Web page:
Why hasn’t anyone heard of cuspidal robots?
I found Achille’s blog post on cuspidal robots mind-blowing the first time I’ve come across it. Then in June, Achille was kind enough to share his thoughts on cuspidal robots in one of the meetups that we’ve organized.
How SpaceX lands Starship (sort of)
Thomas Godden had published this article in May, describing how SpaceX performs trajectory optimization. The article is rich with pictures, animation and references to a colab notebook allowing you to run the code yourself.
Akin’s Laws of Spacecraft Design
A very good set of ‘laws’ that I think are useful for anyone doing any kind of engineering. When researching the topic I also came across this presentation that extends every law with some examples.
Robotics Age at Internet Archive
In September, I came across this archive of Robotics Age, a robotics magazine that was published between 1979 and 1986. Most articles I’ve read were still relevant, even though the technology might be quite different today. I’m sure everyone can learn something from every issue.
Where Are The Robotic Bricklayers?
Brian Potter, from the Construction Physics newsletter (highly recommended!), covers a history of automation in masonry wall construction. As Brian will explain, bricklaying is not as simple as it might seem to everyone outside the construction industry.
DARPA Subterranean Challenge
DARPA Subterranean Challenge had wrapped up this year with team Cerberus winning the grand prize. The event, requiring teams to develop autonomous robots for various types of missions in GPS-denied environments, was first announced in 2018. IEEE Spectrum had many interesting articles showing the ins and outs of the challenge. During the challenge, some multirotors were abused by a plastic bag, and others by fellow robotic team mates.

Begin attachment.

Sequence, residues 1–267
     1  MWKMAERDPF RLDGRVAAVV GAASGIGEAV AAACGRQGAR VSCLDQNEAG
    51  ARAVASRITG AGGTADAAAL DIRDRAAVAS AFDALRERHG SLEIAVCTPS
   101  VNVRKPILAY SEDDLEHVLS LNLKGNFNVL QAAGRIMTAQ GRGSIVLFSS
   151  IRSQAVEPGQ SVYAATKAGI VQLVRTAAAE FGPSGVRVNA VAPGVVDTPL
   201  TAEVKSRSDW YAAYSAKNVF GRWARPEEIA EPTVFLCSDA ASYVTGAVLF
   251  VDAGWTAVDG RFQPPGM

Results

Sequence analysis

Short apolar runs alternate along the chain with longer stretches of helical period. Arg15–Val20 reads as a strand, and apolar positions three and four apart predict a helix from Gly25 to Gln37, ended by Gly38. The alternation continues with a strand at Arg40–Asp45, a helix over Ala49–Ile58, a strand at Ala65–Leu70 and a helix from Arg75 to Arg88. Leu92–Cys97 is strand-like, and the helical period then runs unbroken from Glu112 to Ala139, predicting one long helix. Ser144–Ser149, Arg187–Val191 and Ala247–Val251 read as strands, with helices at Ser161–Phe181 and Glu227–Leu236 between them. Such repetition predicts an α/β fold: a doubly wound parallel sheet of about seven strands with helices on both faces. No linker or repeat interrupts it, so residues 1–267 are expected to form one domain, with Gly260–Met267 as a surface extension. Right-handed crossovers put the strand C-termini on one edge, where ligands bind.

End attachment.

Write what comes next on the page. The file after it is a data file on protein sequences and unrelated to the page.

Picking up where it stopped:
The Animatronic Robot Designs of Mark Setrakian!
In this online episode Tested visits Mark Setrakian to check out some of his animatronics. The hand rotating objects in place is especially cool. Another thing I liked about this feature is Mark’s control software allowing for the composition of robot control.
Dual-sided dieless forming
This feature is actually from 2019, but I only came across it last year. Nissan is using two Kuka industrial arms for ‘dual-sided dieless forming’, allowing them to work without dies that you would traditionally need and thanks to that enabling development of spare parts for cars that have not been in production for years.
Six Degrees Of Freedom Omnicopter With Ardupilot
An incredible build from Peter Hall: a multirotor build with six tetrahedrons at various angles that supports flight in any orientation. The software was developed on Ardupilot, adding a new attitude control mode.